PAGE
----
Who is the spiritual master? The master limps. The master is not perfect. Like the rest of us, the master is flawed. But unlike most of us, the master is not handicapped by his limping because he knows his limping doesn’t have the power to name who he is. Like everyone else, the master is confused. But unlike us, the master is not confused by her confusion because she knows her confusion doesn’t have the power to name who she is. As is the case with the rest of humanity, the master is afraid of many things, but the master is not frightened by his fear because he knows his fear doesn’t have the power to name who he is.
The above is paraphrased from a talk given by psychologist James Finley. Jim, who is a long time friend, is making a case for the fact that a person need not be without normal feelings to be a spiritual master or guide; that is, one who is anchored in a sense of self that is sacred. Being “handicapped” is a metaphor for what happens when we identify with what inhibits us, thereby limiting our understanding of who we are. We do not have to have overcome our humanness to be spiritually attuned; neither do we have to be without a limp (flaw) to be a person who can help others get in touch with their spiritual depth.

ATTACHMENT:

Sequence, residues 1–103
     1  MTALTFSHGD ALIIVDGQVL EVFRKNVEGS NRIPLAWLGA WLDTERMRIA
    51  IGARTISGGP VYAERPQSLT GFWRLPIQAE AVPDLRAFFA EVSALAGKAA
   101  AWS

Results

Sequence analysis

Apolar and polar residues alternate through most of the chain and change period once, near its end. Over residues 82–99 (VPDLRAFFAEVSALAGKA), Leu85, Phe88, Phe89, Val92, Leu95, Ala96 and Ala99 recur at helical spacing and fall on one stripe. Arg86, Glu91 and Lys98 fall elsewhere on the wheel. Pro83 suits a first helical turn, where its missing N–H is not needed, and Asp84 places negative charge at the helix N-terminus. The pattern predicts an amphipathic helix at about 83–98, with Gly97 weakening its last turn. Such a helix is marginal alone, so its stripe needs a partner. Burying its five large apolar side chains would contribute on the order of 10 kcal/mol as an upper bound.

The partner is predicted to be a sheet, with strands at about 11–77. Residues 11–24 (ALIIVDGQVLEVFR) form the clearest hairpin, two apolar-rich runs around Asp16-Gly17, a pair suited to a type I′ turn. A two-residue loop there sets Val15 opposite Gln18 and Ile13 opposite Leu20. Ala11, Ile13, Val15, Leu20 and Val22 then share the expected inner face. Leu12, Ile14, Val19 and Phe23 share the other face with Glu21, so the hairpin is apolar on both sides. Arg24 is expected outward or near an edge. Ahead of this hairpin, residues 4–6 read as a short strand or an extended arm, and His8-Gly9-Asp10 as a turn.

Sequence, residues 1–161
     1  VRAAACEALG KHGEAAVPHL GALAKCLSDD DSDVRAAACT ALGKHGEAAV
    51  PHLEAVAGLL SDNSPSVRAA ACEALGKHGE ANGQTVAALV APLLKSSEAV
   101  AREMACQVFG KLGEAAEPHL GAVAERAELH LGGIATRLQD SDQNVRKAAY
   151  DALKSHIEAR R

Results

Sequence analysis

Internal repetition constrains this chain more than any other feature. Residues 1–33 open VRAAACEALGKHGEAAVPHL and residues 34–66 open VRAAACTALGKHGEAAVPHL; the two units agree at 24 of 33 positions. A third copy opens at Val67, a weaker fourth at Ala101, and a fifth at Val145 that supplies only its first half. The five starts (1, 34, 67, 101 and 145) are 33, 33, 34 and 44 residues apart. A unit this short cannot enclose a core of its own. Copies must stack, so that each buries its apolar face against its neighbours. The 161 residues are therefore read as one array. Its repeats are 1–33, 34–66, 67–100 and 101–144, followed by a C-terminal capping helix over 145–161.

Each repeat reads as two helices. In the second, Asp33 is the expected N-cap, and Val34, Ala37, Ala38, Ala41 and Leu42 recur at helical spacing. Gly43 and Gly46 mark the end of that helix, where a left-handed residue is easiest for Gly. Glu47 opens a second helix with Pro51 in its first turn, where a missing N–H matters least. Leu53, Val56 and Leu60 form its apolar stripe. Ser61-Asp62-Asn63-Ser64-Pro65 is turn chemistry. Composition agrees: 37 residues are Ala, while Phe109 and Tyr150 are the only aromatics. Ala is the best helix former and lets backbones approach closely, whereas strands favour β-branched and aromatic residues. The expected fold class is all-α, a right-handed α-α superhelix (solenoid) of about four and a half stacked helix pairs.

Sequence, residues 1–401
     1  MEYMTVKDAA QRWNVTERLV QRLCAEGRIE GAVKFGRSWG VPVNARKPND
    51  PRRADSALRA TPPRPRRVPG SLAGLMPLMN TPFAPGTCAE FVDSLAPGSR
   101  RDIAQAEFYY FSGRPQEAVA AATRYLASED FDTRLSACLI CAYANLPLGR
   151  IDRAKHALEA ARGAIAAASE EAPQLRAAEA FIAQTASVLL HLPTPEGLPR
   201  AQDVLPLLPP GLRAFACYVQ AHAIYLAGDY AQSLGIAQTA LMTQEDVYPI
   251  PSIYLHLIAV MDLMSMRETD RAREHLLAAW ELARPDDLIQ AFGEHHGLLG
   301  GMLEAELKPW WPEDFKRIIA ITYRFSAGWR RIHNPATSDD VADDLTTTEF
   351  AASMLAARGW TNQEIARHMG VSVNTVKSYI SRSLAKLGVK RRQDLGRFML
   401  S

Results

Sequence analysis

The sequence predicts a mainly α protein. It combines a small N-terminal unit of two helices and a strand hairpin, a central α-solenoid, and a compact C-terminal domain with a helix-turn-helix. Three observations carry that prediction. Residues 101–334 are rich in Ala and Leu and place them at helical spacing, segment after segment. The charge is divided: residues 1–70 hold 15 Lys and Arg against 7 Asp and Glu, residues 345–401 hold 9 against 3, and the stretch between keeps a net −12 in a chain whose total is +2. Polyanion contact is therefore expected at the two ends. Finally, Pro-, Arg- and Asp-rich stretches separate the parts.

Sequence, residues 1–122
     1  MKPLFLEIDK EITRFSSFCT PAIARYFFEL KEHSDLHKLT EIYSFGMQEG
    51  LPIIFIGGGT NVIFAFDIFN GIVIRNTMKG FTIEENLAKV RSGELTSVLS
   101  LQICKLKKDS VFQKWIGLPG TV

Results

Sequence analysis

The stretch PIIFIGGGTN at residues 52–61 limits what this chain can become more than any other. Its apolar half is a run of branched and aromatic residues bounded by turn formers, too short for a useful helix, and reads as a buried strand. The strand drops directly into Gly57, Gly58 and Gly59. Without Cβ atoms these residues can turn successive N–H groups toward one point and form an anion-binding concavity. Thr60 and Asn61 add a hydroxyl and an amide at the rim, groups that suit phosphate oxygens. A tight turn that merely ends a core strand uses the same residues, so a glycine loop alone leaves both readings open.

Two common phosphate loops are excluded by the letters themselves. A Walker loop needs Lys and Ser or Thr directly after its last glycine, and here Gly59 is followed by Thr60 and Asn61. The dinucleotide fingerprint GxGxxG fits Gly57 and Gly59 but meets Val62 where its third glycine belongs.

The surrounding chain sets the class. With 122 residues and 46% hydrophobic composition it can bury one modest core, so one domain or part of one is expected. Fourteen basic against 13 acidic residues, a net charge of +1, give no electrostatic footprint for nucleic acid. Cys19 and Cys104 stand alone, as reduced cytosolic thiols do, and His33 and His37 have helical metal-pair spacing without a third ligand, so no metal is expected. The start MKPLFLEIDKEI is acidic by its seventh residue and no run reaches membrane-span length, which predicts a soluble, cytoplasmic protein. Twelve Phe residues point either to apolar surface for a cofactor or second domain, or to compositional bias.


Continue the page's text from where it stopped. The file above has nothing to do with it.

The difference between most of us, and those people who are able to face life’s perplexities without being thrown by them, is that they know they are more than their confusion, fear, insecurity, inadequacy, self-doubt, and the like. Those who are spiritually attuned know that, like an iceberg, there is beneath the surface, a dimension of their being that is solid and sacred. No one is immune from the feelings that come with being human, but all of us are more than those feelings. When we lose touch with this truth, our sense of self becomes trapped at the surface, and we become handicapped by our limping.
All of this begs the question how can we keep from giving power to the tendency to identify with feelings and self-concepts that are limiting? There is no easy answer to this query, but there is a way to respond to it. First, we must accept our feelings, and second we must resist the impulse to identify with them. Acceptance means acknowledging our fear, confusion, etc. Paradoxically, we do not lessen the impact of such feelings by overcoming them; rather, we do so by facing them. Resisting means refusing to buy into the notion that we are what we feel, and affirming over, and over, and over again, that there is more to us than our limp.